I too have a hip issue that makes walking long distances an issue but I just plain love y bike. I rode yesterday in the rain and I actually got a horrified reaction fro someone. Baby was happy behind his windshield in his muddy buddy, big boys were toasty and dry in rain gear and I found the rain on my face refreshing.

    Cycling with y kids for me isn't bravery, it is just life. I do it for e, for my kids for the love of cycling!

    1. Thanks for your comment!

      I want cycling to become normal here like it is in the Netherlands, for instance, so I think it's important to change the perception that it's somehow superhuman to coast down a hill on a bike (& use granny gears to get back up). You're totally right that the flip side to that is that if cycling was so normal, people would feel sheepish for not doing it, like making excuses for why they threw a plastic bottle in the garbage rather than recycling it.

      That is a big part of it too--it's FUN to zoom around on a bike. Walking often feels like work, especially when children are involved!

  2. People call me "brave", "determined", "hard core", etc. It might be well-meaning and superficially complimentary, and it's certainly better than the explicitly negative comments I receive, but I find it it hurtful anyway. It's a polite, socially acceptable way of distancing themselves from me, of saying that I'm not like them. It doesn't make me feel appreciated or admired; it makes me feel alienated and misunderstood. It often comes from the people who care about me, and it hurts to think that even the people who care about me don't understand me and think of me as not really like them.

    1. Misunderstood is a good way to put it--I always feel like I immediately have to correct someone when they say I'm brave. I biked with two or three small children. For five minutes. Maybe two kilometres. How in the world is that brave? Definitely seems there's a misunderstanding... Thanks for commenting!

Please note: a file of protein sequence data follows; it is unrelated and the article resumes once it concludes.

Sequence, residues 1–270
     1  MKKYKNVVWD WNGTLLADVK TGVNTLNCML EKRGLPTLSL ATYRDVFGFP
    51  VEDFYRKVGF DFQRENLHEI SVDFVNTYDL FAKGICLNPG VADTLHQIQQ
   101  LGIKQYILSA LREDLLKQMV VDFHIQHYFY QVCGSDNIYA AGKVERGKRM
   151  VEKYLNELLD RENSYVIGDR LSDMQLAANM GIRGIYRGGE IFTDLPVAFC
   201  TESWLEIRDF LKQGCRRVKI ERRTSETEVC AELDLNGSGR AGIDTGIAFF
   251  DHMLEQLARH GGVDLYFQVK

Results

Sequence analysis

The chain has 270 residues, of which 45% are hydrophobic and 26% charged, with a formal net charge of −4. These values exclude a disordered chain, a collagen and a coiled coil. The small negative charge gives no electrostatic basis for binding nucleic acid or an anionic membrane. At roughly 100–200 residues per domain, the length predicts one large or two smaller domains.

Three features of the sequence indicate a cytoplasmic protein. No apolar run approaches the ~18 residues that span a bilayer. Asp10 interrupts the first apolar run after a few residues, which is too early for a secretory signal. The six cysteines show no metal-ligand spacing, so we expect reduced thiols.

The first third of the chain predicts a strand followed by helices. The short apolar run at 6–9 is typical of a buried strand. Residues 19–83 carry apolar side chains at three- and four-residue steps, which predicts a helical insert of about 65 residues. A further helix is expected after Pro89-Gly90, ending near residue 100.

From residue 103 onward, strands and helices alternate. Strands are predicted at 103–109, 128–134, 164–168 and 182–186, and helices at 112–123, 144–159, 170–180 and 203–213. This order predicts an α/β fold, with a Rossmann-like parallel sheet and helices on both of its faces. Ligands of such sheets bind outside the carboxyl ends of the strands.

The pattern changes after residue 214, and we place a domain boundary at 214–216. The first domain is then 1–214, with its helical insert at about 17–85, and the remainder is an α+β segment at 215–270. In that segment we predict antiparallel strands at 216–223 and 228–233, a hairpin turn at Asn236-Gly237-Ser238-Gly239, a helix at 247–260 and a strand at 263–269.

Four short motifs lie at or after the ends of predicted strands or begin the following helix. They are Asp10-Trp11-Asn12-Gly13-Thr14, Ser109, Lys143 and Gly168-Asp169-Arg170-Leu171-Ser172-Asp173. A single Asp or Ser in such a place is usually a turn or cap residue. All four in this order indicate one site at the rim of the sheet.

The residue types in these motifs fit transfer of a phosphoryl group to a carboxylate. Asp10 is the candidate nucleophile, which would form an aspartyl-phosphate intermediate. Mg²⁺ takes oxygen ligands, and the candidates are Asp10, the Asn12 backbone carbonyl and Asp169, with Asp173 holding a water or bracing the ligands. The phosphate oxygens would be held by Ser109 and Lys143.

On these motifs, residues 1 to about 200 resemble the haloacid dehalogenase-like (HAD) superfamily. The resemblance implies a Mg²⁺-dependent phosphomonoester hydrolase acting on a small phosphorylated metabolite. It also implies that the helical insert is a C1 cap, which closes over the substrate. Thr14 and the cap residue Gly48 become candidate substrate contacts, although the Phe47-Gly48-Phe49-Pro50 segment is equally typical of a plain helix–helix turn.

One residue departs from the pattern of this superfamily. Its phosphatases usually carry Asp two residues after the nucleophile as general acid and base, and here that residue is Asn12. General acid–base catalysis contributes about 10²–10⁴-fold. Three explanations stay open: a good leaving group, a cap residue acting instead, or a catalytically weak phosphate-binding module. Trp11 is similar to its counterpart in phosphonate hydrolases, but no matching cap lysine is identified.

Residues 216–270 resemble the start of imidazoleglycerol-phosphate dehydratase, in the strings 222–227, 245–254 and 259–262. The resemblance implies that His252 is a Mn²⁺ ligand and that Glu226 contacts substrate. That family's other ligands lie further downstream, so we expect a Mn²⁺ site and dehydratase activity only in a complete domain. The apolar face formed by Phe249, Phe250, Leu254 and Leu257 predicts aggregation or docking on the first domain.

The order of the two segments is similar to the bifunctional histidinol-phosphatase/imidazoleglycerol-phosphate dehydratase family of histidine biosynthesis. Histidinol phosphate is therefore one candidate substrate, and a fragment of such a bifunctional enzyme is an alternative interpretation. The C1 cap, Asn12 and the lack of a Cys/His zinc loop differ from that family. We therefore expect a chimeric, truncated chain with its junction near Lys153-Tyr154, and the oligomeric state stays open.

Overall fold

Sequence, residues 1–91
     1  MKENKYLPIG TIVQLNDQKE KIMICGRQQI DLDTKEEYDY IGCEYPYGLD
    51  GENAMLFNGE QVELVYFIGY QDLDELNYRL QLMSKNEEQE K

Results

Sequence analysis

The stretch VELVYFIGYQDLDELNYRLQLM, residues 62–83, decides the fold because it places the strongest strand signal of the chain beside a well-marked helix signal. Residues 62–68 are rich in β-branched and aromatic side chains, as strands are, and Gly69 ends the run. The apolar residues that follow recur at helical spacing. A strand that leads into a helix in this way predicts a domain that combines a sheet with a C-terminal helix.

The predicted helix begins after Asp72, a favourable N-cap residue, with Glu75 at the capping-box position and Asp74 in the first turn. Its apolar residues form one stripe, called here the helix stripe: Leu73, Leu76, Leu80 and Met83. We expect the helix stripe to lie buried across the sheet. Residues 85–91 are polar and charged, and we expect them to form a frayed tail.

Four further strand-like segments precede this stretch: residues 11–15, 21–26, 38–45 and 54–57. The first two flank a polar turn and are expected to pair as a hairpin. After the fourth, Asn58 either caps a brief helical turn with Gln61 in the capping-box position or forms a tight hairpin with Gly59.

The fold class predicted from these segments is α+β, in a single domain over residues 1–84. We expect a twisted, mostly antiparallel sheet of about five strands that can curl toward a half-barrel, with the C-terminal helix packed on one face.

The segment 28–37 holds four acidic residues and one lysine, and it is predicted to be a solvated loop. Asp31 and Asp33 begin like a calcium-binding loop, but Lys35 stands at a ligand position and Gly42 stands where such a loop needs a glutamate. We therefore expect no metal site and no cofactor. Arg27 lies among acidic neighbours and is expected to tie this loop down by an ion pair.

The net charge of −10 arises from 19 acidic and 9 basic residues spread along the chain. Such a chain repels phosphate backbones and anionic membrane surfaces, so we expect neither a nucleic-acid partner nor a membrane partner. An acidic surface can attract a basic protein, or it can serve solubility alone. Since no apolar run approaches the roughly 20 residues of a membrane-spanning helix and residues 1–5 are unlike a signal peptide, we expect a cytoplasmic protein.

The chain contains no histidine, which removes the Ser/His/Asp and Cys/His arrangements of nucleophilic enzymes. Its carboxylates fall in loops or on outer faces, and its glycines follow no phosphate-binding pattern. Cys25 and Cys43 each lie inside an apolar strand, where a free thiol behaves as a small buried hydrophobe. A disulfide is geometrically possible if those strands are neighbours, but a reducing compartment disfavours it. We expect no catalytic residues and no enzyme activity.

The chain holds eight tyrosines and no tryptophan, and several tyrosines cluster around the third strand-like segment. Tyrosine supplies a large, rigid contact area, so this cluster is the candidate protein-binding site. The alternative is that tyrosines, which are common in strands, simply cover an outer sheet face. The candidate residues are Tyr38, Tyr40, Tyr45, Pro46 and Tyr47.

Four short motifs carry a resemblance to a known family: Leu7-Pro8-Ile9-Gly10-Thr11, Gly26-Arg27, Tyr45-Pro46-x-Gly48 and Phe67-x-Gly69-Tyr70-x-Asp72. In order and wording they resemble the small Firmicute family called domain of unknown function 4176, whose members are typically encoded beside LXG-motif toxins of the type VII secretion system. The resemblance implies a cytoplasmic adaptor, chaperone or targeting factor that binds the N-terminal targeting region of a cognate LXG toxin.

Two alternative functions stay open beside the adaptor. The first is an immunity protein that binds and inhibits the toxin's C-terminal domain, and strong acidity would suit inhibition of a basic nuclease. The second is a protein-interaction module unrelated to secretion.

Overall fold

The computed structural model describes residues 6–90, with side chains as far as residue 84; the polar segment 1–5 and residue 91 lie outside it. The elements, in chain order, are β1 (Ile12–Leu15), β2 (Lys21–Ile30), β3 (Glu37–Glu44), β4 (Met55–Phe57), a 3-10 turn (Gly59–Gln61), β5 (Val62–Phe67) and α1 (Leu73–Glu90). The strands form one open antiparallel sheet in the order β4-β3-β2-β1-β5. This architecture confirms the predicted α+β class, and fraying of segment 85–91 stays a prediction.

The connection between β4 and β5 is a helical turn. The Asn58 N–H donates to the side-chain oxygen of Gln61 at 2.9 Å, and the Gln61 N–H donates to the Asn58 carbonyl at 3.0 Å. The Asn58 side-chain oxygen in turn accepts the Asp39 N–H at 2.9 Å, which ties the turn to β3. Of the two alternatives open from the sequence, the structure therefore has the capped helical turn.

3. I think signing into my account ate my comment. So if this is a repeat please delete. :)

    Thank you! Thank you!

    I am not fearless when I get on my bicycle. I am normal. I am using a legitimate means of transportation to get from point A to point B.
    The easiest response to this frequently asked question is "Why"?
    The most recent response I received was this: "Because there is a lot of crazy people out there."
    We can't live our lives in fear of what other people might do. We can only take reasonable precautions and expect others to do the same.
    I have stopped advising my cycling friends to "ride safe" but instead have started wishing them "a pleasant trip." and conversely have advised my motoring friend to "drive safe". That is more realistic per statistics.

    1. I think the media is partly to blame for the great fear of cycling. I think that every single time a cyclist gets killed here in Vancouver, it's on the news. The same can't be said for deaths in car crashes--imagine how many news stories that would be! So people have a very skewed sense that it's a lot safer to drive than bike.

      I'm with you on the de-emphasizing danger/safety. I like to say, "Have a great ride". :) Thanks for your comments!

  4. Thank you for this post! I agree with you and what other commenters have said. I think part of the issue, as Eli observed a related thread on Facebook recently, is that people tend to downplay the danger of what seems normal to them, and inflate the danger of what seems abnormal.

    I coincidentally wrote an article about cycling in a snowstorm recently. I'll admit that there is actually a somewhat elevated risk to doing that, and the adjectives applied to me escalate according, from "brave" to "crazy". :-) So I wrote this article to try to help allay their fears. Don't know if it does or not.


    1. Thanks for the link, John! That's a great list of tips. I have ridden in snow a little, because it snows so rarely here that I can just walk or bus instead on the one day the roads might be slippery.